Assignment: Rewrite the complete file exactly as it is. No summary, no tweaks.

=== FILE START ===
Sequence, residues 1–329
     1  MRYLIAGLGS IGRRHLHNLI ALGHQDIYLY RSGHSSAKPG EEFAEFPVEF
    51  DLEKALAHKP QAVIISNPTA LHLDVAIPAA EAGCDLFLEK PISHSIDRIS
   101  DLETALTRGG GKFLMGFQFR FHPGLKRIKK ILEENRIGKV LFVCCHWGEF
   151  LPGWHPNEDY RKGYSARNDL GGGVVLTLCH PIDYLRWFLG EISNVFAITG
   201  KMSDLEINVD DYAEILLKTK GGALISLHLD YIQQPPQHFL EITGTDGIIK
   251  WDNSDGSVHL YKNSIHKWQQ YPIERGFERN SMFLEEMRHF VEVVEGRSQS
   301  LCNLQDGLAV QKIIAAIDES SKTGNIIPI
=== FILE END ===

Sequence, residues 1–329
     1  MRYLIAGLGS IGRRHLHNLI ALGHQDIYLY RSGHSSAKPG EEFAEFPVEF
    51  DLEKALAHKP QAVIISNPTA LHLDVAIPAA EAGCDLFLEK PISHSIDRIS
   101  DLETALTRGG GKFLMGFQFR FHPGLKRIKK ILEENRIGKV LFVCCHWGEF
   151  LPGWHPNEDY RKGYSARNDL GGGVVLTLCH PIDYLRWFLG EISNVFAITG
   201  KMSDLEINVD DYAEILLKTK GGALISLHLD YIQQPPQHFL EITGTDGIIK
   251  WDNSDGSVHL YKNSIHKWQQ YPIERGFERN SMFLEEMRHF VEVVEGRSQS
   301  LCNLQDGLAV QKIIAAIDES SKTGNIIPI